Shares prices in Tokyo edged down Wednesday morning as investors remained cautious about further declines in US stocks, dealers said.
The Tokyo Stock Exchange's Nikkei-225 index dropped 153.24 points, or 1.0 percent, to close Wednesday morning at 14,994.95.
"The Dow went up overnight, but Nasdaq went down. Taking their cue from that, semi-conductor related shares are down in Tokyo," said Masaru Kazama, head of equities at Nissan Securities Co.
Blue chips made a strong showing in Wall Street Tuesday while technology stocks receded in the face of lower than expected quarterly earnings.
The Dow Jones Industrial Average rose 121.35 points, or 1.2 percent, to reach 10,393.07 Tuesday. But the Nasdaq composite index lost 48.90 point, or 1.4 percent, to end the day at 3,419.79.
The technology sector was depressed by concerns over the weakness of the semiconductor industry, as National Semiconductor announced that its earnings for the next two quarters would not meet investors' expectations.
"Japanese firms have been reporting strong earnings but their stocks are dragged down by deflated sentiment in the United States," said Masakazu Kimura, head of the equity section at Tsubasa Securities Co.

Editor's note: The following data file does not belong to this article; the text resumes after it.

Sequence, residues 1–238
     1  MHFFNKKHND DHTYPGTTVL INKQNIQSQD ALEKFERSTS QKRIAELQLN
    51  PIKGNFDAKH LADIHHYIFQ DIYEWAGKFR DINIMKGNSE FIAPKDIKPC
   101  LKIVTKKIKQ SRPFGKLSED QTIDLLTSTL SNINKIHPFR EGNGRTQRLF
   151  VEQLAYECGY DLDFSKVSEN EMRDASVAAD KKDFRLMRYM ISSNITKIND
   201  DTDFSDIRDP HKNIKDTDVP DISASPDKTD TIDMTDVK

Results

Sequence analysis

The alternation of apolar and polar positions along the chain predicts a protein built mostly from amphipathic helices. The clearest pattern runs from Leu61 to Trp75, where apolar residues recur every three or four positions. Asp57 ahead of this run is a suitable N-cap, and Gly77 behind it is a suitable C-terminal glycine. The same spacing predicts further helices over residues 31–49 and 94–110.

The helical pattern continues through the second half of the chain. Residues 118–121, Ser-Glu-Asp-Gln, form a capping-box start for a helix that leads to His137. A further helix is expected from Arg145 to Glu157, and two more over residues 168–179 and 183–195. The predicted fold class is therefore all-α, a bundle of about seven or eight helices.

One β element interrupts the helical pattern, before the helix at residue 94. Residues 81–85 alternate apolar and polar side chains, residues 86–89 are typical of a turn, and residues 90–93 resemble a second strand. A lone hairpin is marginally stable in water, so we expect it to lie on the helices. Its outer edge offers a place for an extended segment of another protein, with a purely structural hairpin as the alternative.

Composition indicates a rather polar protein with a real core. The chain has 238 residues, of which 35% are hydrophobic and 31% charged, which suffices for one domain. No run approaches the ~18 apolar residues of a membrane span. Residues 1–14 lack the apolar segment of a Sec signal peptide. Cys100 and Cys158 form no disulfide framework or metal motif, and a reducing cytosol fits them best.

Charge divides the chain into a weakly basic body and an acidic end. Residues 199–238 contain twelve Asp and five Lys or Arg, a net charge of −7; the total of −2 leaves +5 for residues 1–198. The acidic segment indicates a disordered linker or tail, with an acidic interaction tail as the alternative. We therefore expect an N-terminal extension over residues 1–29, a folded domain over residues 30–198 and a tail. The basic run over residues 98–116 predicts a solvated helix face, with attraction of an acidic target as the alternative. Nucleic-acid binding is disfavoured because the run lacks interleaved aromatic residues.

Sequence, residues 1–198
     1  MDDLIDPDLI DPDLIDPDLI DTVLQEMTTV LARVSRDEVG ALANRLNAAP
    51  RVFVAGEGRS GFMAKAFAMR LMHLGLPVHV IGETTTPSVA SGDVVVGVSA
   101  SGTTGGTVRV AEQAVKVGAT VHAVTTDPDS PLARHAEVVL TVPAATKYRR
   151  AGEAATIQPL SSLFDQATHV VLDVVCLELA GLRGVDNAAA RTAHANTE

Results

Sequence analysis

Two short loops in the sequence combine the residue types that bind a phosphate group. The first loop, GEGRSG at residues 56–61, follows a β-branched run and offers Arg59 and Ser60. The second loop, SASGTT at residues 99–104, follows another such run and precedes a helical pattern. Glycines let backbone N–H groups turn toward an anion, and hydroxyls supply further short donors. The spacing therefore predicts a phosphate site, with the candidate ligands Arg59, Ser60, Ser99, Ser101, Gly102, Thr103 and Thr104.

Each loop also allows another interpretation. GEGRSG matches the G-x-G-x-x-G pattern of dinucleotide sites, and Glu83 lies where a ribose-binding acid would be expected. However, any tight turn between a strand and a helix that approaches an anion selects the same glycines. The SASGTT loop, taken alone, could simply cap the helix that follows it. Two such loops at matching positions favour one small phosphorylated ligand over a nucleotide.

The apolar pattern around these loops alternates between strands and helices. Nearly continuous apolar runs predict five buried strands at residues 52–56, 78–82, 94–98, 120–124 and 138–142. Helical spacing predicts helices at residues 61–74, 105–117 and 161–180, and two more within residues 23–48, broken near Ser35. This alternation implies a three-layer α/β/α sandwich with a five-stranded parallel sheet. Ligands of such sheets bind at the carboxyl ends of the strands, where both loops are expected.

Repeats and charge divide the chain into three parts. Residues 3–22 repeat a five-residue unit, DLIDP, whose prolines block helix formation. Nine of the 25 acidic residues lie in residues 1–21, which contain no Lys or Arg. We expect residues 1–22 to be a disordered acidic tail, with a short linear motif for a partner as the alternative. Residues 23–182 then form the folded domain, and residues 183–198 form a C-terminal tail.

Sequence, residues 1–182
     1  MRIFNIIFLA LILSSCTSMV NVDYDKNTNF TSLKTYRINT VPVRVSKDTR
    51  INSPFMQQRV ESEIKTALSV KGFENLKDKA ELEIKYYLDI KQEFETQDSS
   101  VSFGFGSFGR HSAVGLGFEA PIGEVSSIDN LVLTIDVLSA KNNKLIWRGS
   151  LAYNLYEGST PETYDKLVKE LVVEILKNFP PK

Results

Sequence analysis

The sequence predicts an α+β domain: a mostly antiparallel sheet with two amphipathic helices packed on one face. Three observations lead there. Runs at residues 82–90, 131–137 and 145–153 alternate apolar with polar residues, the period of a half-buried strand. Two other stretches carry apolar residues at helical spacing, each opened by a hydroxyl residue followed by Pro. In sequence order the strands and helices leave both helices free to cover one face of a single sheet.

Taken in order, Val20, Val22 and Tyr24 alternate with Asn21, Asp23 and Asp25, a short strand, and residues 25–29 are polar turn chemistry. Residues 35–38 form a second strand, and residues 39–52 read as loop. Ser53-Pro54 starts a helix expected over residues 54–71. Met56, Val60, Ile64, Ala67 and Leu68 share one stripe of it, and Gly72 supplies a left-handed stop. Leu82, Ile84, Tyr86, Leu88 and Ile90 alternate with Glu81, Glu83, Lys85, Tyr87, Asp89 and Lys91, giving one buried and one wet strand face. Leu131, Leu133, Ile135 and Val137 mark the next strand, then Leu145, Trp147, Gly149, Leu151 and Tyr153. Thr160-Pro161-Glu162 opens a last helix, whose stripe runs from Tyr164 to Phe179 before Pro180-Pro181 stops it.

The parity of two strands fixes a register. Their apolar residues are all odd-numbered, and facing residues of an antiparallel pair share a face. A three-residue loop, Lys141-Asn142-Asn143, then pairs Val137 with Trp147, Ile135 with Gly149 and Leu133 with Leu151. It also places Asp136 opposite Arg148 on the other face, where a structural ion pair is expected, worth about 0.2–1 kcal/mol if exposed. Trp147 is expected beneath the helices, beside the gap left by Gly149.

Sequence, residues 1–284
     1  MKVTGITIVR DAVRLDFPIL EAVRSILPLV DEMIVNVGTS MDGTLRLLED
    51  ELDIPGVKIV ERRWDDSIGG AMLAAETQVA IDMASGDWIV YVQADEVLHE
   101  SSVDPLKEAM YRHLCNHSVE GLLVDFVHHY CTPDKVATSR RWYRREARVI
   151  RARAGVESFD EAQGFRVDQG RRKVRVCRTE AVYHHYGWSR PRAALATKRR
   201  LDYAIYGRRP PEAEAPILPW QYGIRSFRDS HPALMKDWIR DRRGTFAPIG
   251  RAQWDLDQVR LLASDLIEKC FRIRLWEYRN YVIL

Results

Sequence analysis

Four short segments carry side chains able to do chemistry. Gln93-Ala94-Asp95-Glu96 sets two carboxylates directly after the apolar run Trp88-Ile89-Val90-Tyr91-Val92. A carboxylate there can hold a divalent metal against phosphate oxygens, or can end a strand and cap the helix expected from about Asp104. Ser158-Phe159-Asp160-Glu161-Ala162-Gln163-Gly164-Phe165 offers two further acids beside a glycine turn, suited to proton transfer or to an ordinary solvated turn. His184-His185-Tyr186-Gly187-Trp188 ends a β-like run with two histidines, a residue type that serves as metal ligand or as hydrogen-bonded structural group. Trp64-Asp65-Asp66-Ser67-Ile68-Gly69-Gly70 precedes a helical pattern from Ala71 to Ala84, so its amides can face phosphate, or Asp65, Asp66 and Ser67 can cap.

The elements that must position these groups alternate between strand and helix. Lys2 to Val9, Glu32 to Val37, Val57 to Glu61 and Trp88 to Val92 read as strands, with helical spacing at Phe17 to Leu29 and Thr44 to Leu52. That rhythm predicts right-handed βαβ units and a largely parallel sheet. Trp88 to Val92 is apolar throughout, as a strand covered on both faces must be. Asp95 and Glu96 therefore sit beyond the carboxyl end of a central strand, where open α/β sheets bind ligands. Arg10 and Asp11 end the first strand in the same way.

"So the Tokyo market will likely remain top heavy as long as US stocks remain weak," he said.
Also acting as a drag on the Nikkei index Wednesday morning were fibre-optic makers as investors took profits, Kazama of Nissan Securities said.
Among them, electronic wire maker Furukawa Electric Co. went down by 500 yen or 14.1 percent to 3,050.
"Furukawa became the target of profit-taking," Kazama said.
Shares of Sanyo Electric Co. Ltd. also went down Wednesday after Sanyo's president Sadao Kondo resigned Tuesday to take responsibility for the sale of faulty solar cell systems by one of its subsidiaries.
Sanyo shares went down 100 yen or 10.1 percent to 891 yen.
But Kimura of Tsubasa Securities added the Nikkei is likely hover around the 15,000 yen level as some bargain hunting is expected if Nikkei slips further.— (AFP)
© Agence France Presse 2000
© 2000 Mena Report (www.menareport.com)